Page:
Some people who carried on with their nonessential weekend outings shared their rationale with reporters. One 40-year-old who went with a friend to their favorite bar on Sunday explained to the Los Angeles Times, “This could be the last bar we go to in a long time.” In Boston, a man in line at a bar with an hour-long wait reasoned to a Boston Globe reporter that, as a pharmacist, he was already going to have a high risk of exposure at work anyway, so “there’s only so much I can do” to avoid the virus. And one compassionate, though still risk-taking, D.C. diner told Washingtonian, “As long as businesses are open and the condition doesn’t worsen, I want to support those folks depending on patrons to make their living.

Writer Joe Pinsker noted, “These are extremely weak justifications for a choice that ultimately puts one’s short-term social enjoyment ahead of the health—and maybe even lives—of countless people who are more vulnerable to the disease. Beyond lacking clear and forceful guidance from President Trump and his administration, … people have failed to apprehend the gravity of the outbreak and the importance of staying in.

What happened to Memorial Day 2020? For first responders, clinicians, and rescue personnel across the country, sorrow will intertwine with pride of service and sacrifice. For those in Osage Beach and others with the same mentality, F••• it. It’s Miller Time.

Unfortunately, I see darker skies on the horizon.

There are a haunting feeling untold numbers of Americans who must decide whether to risk Coronavirus (COVID) infection while traveling to see a parent dying from natural causes. Such experiences are reminders of the unanticipated scope of the suffering caused by COVID. 

Sons and daughters are forced to make risky choices, either by love or distance. Should they be allowed to visit? And will they be the exception, the one who can travel across and not become infected?

Three days ago, the call I’d been expecting for several years came. After a long battle of successive mini-strokes, my father’s time is nearing an end. The latest stroke occurred Monday morning, and cost my father the use of his left side as well as other functions, but his humor remains. There aren’t any good options, damned if you do something, damned if you don’t.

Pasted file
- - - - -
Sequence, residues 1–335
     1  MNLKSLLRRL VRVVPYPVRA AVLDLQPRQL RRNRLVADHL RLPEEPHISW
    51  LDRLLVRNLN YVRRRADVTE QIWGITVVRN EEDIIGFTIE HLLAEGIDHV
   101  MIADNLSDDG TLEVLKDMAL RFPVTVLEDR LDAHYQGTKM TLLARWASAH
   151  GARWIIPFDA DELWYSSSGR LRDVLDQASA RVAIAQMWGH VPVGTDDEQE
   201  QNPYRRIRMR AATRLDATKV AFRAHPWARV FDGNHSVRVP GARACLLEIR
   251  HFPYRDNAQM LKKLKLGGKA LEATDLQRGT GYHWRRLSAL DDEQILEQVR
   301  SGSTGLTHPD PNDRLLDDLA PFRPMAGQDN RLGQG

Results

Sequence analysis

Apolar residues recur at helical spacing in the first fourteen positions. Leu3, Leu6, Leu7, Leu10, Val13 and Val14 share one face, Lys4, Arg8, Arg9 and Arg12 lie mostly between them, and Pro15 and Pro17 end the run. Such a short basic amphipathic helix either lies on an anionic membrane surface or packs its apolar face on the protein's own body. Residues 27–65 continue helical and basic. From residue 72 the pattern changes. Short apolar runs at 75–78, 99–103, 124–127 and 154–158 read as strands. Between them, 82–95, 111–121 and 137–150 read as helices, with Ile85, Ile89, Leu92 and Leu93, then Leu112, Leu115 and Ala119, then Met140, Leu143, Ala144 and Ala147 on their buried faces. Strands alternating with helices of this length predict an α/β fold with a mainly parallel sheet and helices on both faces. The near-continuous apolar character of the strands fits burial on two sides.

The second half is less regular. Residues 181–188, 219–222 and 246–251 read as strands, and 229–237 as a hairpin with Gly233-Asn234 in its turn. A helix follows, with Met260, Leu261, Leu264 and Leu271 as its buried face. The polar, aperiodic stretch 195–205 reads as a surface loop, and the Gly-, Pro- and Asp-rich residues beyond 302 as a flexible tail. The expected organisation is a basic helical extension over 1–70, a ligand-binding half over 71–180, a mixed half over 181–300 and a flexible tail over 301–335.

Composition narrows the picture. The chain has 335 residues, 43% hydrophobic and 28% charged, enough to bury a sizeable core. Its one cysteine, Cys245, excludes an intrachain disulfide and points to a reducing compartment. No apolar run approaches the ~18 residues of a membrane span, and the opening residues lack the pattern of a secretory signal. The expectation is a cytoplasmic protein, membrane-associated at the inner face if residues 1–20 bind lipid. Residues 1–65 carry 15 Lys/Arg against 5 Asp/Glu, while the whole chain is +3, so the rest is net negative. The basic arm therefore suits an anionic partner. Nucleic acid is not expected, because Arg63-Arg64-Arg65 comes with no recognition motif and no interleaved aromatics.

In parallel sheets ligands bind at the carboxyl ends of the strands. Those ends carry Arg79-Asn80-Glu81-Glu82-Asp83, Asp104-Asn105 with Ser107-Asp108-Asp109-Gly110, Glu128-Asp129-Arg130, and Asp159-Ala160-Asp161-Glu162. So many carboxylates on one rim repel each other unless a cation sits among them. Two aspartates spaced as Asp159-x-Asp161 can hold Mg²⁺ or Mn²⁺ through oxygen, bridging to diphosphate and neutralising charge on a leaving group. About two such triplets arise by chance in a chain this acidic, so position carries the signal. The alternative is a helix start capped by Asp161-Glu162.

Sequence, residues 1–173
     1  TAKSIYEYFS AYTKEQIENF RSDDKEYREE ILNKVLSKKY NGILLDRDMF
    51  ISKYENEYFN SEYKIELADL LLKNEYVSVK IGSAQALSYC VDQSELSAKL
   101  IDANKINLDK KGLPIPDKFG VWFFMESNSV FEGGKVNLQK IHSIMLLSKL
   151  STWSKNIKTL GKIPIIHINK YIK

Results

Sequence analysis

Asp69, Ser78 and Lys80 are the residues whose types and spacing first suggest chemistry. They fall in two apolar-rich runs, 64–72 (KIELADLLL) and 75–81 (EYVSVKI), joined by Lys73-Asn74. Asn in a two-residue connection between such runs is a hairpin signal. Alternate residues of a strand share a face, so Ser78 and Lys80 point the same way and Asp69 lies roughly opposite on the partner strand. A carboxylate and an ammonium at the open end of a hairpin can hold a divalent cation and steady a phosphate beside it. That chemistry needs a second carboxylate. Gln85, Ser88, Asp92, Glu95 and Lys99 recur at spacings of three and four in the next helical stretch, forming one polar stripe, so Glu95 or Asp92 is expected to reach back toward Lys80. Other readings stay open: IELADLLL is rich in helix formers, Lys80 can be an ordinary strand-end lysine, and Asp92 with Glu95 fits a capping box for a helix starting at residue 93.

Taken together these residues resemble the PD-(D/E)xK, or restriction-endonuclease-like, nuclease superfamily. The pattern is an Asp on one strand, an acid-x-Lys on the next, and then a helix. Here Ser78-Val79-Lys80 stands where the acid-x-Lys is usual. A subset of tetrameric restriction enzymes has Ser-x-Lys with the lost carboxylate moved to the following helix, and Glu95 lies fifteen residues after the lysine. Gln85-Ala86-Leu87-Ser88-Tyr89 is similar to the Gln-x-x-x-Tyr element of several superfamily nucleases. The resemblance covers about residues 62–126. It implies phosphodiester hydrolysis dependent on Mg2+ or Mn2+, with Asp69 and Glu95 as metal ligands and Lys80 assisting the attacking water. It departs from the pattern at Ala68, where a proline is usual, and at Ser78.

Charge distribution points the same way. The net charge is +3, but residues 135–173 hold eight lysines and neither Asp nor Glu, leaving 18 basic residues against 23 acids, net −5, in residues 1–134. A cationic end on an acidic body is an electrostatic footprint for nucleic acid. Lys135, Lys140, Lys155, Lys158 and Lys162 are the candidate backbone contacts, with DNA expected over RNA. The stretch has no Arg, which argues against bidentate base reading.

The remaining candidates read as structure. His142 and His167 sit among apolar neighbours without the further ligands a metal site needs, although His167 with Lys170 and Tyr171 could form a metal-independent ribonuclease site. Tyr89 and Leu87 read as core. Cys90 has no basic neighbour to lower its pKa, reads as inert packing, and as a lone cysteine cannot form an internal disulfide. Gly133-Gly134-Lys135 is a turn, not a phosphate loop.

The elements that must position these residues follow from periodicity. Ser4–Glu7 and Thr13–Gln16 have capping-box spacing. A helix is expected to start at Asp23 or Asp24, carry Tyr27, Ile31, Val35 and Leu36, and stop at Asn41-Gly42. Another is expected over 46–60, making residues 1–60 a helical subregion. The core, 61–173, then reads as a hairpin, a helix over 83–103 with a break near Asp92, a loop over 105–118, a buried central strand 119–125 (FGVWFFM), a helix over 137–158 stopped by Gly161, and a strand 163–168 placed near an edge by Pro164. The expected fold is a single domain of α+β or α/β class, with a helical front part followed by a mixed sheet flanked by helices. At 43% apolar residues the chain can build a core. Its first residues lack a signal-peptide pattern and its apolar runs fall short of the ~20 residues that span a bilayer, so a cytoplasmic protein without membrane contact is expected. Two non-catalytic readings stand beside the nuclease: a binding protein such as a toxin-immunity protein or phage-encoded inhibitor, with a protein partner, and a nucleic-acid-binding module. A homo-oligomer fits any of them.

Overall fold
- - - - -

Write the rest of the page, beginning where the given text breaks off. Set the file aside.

It’s a natural part of life,” said the neurologist doctor.

I know. Losing a parent is inevitable, and it isn’t easy,” I replied. 

In the COVID world, it’s hard to describe how complicated such a decision is. If I travel, I could carry the virus to my mother, age 82. If I don’t go, I presume my name will be added to the immortal “primadonna list” for not being concerned enough to say a final farewell. There isn’t a safe choice, except for one: don’t travel.

The COVID pandemic has had a profound effect on grieving. Many who’ve lost loved ones have been unable to be at the bedside as their loved one passed. Death becomes remote. There’s no herd immunity for COVID. There’s no airplane, taxi, bus, boat, or other vehicles that can guarantee a barrier from the virus. Likewise, COVID cannot be segregated from my mother or others.

I looked up to God and muttered, “I probably will not be able to say goodbye.

Like my father, people have been dying alone for centuries. Some have no close friends or families. Distance separates others. In those cases, a volunteer may be able to sit with them during their last moments. My father has two people sitting with him, each taking a twelve-hour shift, holding his hand, and asking them what they loved most. It’s a service I will be forever grateful.

My father always said no one dies alone. After his near-death experience twenty years ago, my father said there were two sets of angels: ‘Helpers’ and ‘Takers.’ Helpers are those that assist those in need during trying times. Takers are those that help those move into the hereafter.

My Lord, can you be with him?” I prayed

I am with all who suffer. I am with your father.

Not a second later, “I will go and stay with him,” Ms. K. said.

I’m convinced my father has a volunteer, God, and a Helper. I presume he’ll have a Taker soon enough. That alone provides enormous comfort. I hope we’re all just as lucky.

Upon waking, I marvel at how my back feels, how natural the rhythm of the first few hours are, and how naively I think I could do it forever. Such feelings last an hour, maybe two. After that, I quickly relearn the cumulative effects from an early February tumor removal and Parkinson’s diagnosis. 

In the cool of the pre-sunrise morning, when I’ve had a good night’s sleep, all seems well. As the day wears on, weariness smolders the day, and that beautiful early morning feeling evaporates. Life becomes weightier, and every step begins to take its toll. My neck and back hurt, I fiddle with chairs aiming for a stable fit, and comfortable position. Yet no matter how much I tinker, I remain uncomfortable for the day.

Most cancer follow-up appointments remain canceled. As the W.H.O. noted, many patients with cancer are struggling to receive treatment due to hospitals canceling or delaying surgeries and other procedures. This includes those patients who are otherwise healthy and have curable diseases that require the timely implementation of surgery, chemotherapy, or radiation. Contracting COVID while undergoing treatment is too high a risk as opposed to cancer slowly eating away your life, one day at a time.